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Non-alcoholic Steatohepatitis (NASH)

What is Non-alcoholic Steatohepatitis (NASH)?

Nonalcoholic steatohepatitis (NASH) is a condition where there is fat accumulation and inflammation in the liver. NASH occurs in people who do not drink alcohol.

The exact cause of NASH is unknown, however it is seen with increased frequency in people with certain medical conditions such as diabetes mellitus, obesity and high cholesterol.

NASH is typically a chronic condition that persists for many years. Most people with this condition will not develop serious liver problems. On the other hand, the condition can lead to progressive scarring and cirrhosis in others. It is difficult to predict the natural course of NASH in individual patients.


Most people with NASH have no symptoms. The condition is usually picked up during routine health screening when liver function test results are found to be abnormal.

Who are at risk for NASH?

Those who are overweight (BMI exceeds 23 for Asians and 25 for Caucasians). Those with diabetes mellitus, gout, hypertension and hyperlipidemia are at risk of developing NASH.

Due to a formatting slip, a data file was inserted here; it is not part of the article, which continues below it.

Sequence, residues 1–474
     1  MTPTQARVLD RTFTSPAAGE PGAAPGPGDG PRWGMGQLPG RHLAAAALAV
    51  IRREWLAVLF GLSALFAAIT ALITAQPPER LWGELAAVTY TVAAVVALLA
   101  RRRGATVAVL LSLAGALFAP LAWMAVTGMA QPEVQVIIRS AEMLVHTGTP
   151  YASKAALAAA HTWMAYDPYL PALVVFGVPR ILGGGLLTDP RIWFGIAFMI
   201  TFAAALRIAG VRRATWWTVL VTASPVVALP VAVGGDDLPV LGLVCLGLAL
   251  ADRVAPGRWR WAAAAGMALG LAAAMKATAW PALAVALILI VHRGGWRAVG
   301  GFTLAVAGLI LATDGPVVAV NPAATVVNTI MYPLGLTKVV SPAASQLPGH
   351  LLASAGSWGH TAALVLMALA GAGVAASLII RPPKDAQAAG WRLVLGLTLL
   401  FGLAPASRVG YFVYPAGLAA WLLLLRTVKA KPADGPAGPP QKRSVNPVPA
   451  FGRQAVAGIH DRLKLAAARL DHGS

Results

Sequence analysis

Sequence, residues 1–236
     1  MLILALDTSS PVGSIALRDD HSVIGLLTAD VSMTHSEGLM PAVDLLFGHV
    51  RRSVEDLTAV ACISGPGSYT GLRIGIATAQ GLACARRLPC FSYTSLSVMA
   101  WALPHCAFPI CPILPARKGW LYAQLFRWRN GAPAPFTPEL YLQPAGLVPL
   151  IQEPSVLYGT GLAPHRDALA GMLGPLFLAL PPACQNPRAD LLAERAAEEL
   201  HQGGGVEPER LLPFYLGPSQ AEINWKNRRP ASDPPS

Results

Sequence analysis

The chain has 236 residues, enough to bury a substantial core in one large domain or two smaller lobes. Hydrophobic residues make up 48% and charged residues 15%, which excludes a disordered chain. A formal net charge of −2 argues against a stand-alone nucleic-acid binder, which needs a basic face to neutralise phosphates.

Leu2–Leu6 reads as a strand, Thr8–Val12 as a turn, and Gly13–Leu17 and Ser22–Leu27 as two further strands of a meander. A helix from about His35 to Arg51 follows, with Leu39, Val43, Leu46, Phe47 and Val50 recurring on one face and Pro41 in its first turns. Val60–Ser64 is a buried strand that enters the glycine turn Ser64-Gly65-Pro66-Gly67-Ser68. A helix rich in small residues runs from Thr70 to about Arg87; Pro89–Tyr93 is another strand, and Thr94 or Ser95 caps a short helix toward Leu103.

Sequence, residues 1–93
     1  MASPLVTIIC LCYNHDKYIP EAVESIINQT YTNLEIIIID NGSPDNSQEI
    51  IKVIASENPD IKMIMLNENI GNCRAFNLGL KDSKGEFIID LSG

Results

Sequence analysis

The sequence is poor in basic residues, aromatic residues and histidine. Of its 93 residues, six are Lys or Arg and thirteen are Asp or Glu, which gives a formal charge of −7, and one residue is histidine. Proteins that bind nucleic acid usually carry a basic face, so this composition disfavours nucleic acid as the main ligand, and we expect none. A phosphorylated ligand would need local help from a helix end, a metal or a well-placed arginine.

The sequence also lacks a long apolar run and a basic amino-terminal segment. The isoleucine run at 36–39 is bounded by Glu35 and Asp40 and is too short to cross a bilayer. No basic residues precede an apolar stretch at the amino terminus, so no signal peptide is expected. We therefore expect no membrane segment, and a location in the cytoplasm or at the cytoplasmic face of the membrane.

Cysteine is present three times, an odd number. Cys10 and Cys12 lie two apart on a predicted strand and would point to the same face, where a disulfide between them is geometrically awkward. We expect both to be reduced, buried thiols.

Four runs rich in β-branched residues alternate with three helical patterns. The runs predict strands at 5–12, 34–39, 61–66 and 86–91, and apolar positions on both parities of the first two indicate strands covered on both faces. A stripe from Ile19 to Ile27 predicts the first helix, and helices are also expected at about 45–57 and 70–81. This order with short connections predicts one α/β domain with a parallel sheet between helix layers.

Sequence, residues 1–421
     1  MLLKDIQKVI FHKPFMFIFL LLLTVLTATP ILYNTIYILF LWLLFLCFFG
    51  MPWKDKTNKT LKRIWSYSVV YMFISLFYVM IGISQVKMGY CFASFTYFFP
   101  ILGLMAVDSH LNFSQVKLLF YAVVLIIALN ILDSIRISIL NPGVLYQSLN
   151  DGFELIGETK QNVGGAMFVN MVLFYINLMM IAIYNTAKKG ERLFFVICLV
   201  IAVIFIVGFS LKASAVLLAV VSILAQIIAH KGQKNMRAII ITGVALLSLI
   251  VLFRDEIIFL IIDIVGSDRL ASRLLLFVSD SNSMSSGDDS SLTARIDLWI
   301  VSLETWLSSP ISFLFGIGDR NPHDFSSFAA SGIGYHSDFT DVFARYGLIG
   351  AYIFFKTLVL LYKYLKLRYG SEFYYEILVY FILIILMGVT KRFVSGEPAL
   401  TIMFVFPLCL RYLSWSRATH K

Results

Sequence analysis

How do you diagnose NASH?

Liver function tests usually show an elevated ALT or AST. Fatty infiltration of the liver is also seen on ultrasound of the abdomen. It is important to exclude viral hepatitis B and C, as well as other metabolic and autoimmune causes of liver disease through blood tests.

The most accurate test for the diagnosis of NASH is a liver biopsy. The biopsy will also help to determine the stage of the disease (i.e. whether cirrhosis is present).

What is the treatment for NASH?

At this time, there are no treatments that can cure NASH. The main goal of treatment is to control the conditions that are associated with NASH, such as obesity and hyperlipidaemia. Several experimental treatments are being studied, but none can be routinely recommended at this time of this writing.

Lifestyle measures such as weight reduction are the main stay of treatment but should be done gradually as rapid weight loss has been associated with worsening of liver disease.

What is the prognosis for patients with NASH?

The typical course of NASH is still being studied. About a third may progress to fibrosis and about 20% will develop cirrhosis over a period of 9 years.

Normal liver biopsy
Picture of normal liver biopsy

NASH liver biopsy
Picture of NASH liver biopsy

When to seek medical advice

A liver doctor (hepatologist) can conduct a diagnosis and also advise on how to manage the condition.

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